I’ve been mulling over the Lulu lemon phenomena myself. I felt that a studio I had entered contained sacred space… and the teachings I heard rang deep and true… and then I just found out both the owners are Lulu lemon ambassadors. I’m doing a teacher training with them and I wonder if and how to broach the topic for the purpose of discussion. I do think that the style of the brand is sharp. But the price range and who they cater to is a sorry story. So it’s a story I guess about capitalism? So confusing.
The idea of “svadhyaya” as “self-study” is itself a colonial construct. The earlier meaning of this, according to the commentators, is the study of sacred texts (specifically, one’s own oral lineage of the Vedas). Take a look at Edwin Bryant’s translation of the Yoga Sutras.
My eyes are wide open and, somehow, I was able to sense this when I looked for the perfect studio to practice yoga. The first time I practiced it (over 40 years ago) the woman who taught the class was fully trained in all aspects of the practice and tradition. When I began looking for a new home a year ago, I went to about 5 studios until I found one. No one is LuLu lemon and both teachers I practice with provide “yama or ethical conduct, niyama or personal practice, pranayama or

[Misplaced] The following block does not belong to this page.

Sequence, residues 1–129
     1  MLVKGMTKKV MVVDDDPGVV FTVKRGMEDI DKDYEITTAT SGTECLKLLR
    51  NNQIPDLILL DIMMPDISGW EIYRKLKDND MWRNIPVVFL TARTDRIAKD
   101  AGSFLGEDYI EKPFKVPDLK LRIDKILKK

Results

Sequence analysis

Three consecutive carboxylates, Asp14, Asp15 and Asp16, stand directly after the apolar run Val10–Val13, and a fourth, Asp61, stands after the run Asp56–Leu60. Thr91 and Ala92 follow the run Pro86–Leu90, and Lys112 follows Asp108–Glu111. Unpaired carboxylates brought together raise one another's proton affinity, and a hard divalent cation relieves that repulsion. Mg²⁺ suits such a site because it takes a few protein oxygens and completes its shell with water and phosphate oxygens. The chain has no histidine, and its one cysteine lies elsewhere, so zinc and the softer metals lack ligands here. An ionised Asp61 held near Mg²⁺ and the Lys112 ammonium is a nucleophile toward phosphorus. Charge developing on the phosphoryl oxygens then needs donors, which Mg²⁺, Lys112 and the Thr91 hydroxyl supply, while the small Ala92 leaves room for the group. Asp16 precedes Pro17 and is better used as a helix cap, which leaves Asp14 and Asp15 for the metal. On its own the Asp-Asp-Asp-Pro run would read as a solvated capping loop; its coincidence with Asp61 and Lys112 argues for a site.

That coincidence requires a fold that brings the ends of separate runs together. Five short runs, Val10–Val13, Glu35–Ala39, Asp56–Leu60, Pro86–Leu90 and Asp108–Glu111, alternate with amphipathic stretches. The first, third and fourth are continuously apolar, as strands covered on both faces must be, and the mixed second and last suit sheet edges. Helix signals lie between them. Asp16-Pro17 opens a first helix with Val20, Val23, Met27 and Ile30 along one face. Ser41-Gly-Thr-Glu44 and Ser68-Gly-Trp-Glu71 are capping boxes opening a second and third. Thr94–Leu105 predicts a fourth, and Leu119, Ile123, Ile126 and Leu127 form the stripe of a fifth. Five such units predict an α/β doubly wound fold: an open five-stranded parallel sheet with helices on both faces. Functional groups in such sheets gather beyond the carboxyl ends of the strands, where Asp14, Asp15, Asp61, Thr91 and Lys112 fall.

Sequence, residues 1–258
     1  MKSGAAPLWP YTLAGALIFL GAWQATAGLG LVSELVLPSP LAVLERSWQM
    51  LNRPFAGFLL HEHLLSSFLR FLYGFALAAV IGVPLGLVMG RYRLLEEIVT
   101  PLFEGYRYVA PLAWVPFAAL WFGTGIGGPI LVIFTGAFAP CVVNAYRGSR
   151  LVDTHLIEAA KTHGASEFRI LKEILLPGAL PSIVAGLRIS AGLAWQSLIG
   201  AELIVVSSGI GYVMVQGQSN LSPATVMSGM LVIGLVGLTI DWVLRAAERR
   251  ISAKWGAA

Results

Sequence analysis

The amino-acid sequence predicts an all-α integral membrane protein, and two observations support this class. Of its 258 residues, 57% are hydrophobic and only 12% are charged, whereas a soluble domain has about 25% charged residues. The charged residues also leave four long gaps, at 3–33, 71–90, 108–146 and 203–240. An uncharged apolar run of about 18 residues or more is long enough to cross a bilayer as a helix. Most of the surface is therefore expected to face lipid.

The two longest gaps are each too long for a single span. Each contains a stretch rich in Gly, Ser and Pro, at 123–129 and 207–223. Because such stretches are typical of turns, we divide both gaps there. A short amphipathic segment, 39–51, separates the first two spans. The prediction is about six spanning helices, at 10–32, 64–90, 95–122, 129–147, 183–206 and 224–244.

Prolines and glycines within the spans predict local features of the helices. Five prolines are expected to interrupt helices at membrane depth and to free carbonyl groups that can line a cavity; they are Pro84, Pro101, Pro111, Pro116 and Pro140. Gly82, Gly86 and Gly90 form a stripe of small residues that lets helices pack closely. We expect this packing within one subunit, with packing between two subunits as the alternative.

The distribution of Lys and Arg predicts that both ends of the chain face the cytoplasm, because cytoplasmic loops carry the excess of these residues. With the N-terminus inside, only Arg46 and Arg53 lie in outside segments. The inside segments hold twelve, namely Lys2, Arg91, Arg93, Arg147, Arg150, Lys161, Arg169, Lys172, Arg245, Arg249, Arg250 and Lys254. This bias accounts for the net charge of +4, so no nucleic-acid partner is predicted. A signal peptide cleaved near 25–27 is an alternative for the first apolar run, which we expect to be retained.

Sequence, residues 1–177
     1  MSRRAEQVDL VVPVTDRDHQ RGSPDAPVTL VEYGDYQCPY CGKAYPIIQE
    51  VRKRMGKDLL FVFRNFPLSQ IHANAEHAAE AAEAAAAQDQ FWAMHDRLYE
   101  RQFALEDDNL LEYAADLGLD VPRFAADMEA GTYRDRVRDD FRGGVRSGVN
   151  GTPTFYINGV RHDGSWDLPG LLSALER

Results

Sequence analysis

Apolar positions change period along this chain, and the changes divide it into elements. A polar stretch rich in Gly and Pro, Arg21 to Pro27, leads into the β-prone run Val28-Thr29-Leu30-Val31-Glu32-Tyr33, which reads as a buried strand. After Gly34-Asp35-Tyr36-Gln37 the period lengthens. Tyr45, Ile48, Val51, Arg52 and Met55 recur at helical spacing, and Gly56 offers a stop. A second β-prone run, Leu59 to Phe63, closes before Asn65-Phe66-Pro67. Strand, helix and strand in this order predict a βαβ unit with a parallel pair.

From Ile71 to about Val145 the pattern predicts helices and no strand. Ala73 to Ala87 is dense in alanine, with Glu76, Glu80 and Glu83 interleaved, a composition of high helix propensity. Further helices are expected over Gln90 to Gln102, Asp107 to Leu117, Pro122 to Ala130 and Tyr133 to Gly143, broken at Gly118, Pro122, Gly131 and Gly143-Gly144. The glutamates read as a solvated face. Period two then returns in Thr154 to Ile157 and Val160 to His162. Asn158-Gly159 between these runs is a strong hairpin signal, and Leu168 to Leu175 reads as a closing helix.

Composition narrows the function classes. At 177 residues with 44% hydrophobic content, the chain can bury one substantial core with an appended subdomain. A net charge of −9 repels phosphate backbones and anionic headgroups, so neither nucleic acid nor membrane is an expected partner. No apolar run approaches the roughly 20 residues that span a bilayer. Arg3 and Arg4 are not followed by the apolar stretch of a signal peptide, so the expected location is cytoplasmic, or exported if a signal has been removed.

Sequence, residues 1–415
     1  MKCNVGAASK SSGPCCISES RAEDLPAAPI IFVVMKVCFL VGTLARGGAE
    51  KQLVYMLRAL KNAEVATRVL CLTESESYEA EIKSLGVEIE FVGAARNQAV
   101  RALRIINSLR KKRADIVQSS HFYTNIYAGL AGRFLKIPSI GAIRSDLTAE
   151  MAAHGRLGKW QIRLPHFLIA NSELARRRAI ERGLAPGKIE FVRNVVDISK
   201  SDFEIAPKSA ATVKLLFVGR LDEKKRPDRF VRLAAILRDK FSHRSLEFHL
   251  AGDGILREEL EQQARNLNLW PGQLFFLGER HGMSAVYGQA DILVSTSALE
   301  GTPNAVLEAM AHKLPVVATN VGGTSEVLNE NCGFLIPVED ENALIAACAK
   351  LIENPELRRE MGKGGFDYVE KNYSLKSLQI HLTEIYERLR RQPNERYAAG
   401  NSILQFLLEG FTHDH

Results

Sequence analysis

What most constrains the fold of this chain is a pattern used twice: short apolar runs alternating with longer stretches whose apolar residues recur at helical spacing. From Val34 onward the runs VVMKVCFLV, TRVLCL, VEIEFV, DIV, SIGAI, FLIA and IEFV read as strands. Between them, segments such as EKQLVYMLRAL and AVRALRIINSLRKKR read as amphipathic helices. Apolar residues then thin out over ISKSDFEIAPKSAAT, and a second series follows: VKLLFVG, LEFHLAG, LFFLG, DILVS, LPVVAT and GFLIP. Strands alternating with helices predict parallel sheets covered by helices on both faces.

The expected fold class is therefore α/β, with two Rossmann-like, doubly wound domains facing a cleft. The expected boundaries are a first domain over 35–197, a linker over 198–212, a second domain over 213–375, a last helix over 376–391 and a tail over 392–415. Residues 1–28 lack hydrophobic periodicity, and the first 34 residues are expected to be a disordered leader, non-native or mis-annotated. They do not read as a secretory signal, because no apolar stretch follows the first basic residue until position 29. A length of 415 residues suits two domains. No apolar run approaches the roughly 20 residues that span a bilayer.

working with the breath, pratyahara awareness of the senses, dharana,
meditation, concentration and insight, dhyana or being present with
whatever arises and samadhi, or interconnection with all that is”.
Thank you for the clarification and for affirming what I sensed in my gut.
I feel blessed to have read this article. Yoga is a spiritual practice. The shameless monetization of a millennials old spiritual practice by European descended people’s is just a continuation of the cultural control obtained under colonialism. Thank you for articulating my doubts and unease. I’m just fortunate that my initial exposure to yoga was in a non – monetary environment.
I loved this!
There is a wonderful woman where I grew up who I feels honors what you talk about. She did Yoga with us children and all I remember is her talking about the breathing with the movement and spiritual journey it was so wonderful.
Then I moved to Calgary it was all about how you look in LuLU lemon which I can’t wear anyways since I’m a size 20 lol Really put me off the whole thing.
Thanks for the reminder!